Oh. One more thing. His sense of betrayal from his mother would be high. I would think he’d even feel some anger towards her for how she told him. (Brings to mind a book I just read called The Duchess and the Dragon. It’s a historical, too, and I did a review on it here. But Drake, the Duke, finds out at the very beginning of the book while his father is on his death bed that he’s not in line to inherit the title, that he was illegitimate. Drake is ticked, to say the least, even after his dad dies.) So depending on the relationship you’ve developed between Trent and his shrewish mom (I know you mentioned he tries to witness to her, but it doesn’t seem that was received well), then this is an angle you might want to explore.

Drop me any questions or further comments you want me to consider in the comments section. I LOVE brainstorming! Sounds like a terrific premise, though.

This service is for fictional characters only, so any resemblance to real life examples is entirely coincidental. Any other fictional character assessment questions can be directed to charactertherapist@hotmail.com.


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13 comments:

Kristen Torres-Toro said...

I agree with your assessment, especially the feeling of betrayal at his mother's omission. It would make him question everything he ever knew, definitely shaking the foundation that he thought his life was built on.

Great advice!

T. Anne said...

Can you imagine? That would be high trauma and drama! Thanx for your assessment, I always enjoy them!

Susanne Dietze said...

Thanks for featuring my guy, Jeannie! Wow, you have given me so much food for thought and a lot to chew on. I appreciate your talent and skill. I so owe you a lunch out! One of these days we'll meet... LOL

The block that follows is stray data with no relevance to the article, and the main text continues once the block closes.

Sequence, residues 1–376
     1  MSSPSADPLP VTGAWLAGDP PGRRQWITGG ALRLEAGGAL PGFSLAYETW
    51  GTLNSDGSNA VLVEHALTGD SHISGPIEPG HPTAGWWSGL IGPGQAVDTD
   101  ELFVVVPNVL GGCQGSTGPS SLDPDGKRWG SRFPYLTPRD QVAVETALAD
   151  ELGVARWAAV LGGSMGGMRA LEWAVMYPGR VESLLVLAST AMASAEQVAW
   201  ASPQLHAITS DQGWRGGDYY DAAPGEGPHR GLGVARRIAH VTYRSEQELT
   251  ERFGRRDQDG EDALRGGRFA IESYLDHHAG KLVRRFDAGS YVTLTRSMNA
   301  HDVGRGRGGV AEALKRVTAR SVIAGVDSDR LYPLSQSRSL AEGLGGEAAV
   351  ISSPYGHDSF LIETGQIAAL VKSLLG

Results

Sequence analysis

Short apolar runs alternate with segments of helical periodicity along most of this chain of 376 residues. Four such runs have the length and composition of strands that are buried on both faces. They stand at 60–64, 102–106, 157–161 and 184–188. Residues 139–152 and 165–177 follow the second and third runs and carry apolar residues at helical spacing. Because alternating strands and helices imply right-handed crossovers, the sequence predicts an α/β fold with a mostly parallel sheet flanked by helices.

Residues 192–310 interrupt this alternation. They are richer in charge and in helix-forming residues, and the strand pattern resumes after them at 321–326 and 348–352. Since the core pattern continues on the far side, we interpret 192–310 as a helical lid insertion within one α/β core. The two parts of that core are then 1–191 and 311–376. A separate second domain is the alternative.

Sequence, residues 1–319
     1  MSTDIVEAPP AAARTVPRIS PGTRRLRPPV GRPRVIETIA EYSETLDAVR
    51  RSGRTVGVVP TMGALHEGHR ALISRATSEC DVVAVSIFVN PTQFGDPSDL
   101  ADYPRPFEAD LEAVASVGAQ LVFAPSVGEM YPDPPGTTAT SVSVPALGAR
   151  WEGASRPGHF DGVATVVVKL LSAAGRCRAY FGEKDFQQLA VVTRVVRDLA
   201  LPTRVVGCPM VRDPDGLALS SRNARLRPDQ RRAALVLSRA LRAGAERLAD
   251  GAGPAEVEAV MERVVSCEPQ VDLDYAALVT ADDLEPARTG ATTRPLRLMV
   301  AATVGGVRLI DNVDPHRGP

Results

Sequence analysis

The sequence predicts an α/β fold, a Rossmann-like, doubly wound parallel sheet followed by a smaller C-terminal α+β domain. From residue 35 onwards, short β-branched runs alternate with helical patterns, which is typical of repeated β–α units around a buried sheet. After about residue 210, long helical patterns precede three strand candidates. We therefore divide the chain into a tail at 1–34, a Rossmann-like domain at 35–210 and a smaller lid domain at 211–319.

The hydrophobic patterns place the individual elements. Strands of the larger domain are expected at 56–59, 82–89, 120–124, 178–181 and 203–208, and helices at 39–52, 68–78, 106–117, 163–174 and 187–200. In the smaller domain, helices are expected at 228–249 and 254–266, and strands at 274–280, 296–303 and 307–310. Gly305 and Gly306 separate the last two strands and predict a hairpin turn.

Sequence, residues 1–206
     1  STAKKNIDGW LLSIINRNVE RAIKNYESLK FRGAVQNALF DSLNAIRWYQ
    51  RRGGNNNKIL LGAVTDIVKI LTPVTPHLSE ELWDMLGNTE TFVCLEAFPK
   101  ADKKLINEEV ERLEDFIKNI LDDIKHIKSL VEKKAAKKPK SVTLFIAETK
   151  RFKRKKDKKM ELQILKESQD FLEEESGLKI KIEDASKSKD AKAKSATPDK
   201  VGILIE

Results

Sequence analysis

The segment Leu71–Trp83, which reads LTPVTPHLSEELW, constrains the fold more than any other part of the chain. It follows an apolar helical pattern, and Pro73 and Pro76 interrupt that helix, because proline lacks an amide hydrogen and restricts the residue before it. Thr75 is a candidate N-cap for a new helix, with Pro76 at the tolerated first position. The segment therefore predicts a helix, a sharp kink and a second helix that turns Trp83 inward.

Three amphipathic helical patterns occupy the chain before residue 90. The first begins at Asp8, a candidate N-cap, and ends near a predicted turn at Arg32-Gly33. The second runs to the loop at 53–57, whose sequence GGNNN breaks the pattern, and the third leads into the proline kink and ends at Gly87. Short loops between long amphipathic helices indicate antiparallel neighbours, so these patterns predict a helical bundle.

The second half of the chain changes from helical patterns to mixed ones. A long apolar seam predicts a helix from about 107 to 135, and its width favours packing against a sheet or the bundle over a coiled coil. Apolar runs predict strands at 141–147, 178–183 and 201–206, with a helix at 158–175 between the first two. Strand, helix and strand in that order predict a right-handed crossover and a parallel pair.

Thank you ,Jeannie!

Jeannie Campbell, LMFT said...

susie - you're welcome! how'd you like that inkwell shout out? :)

Lisa Karon Richardson said...

Thanks so much for the Inkwell shout out! I've been following you here since you started this series at your other blog. I love what you do and find it so helpful. My husband is even intrigued and he's not a writer, just a minister with an interest in what makes people tick.

Jeannie Campbell, LMFT said...

thanks so much, lisa! wow. that made my day to read that. :)

and i'm loving the inkwell site! you gals are the next seekers. :)

Anita said...

Oh, my! I think I need therapy after reading this post! :)

Katie Ganshert said...

I think one of my friend's husbands is going through a real-life identity crisis. It's sad.

Good stuff. As always, excellent foder for our stories!

sherrinda said...

I so enjoy these sessions! I probably need to submit my own heroine and see how you would assess her. She has a crazy backstory. :)

Susanne Dietze said...

Thanks for the Inkwell shout out! You are awesome, Jeannie.

Thanks to your help today, I've integrated a few of the things you brought up into the early chapters. You even gave me a subplot idea for "Trent" and the baby/heir's mother (my heroine just might perceive her a little jealously now). I am so grateful for your skill. Thanks, Jeannie.

Jeannie Campbell, LMFT said...

ketchup girl - any time. open invitation. :)

susanne - i'm glad you have the subplot idea! i think that will add a lot to the plot, actually.

Warren Baldwin said...

Realistic or not, I was sure drawn into it! (And I do think it had the ring of realism to it). What I liked is how it immediately triggered the great ethical issues in me. I teach an ethics course for a college and thought this would be a great discussion starter, and give students and opportunity to apply the various ethical theories to this case. I'd like to be put on the author's list to be notified of when the book is finished! wb

Tabitha Bird said...

Hmmm... great stuff to think on as usual :) thanks jeannie.

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Both comments and questions are welcome. I hope you enjoyed your time on the couch today.